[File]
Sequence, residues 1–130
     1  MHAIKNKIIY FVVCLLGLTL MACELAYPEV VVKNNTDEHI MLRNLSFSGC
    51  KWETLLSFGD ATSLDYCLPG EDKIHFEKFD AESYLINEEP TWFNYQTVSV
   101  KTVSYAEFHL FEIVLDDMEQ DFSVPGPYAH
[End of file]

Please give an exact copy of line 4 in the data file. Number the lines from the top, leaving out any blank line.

   101  KTVSYAEFHL FEIVLDDMEQ DFSVPGPYAH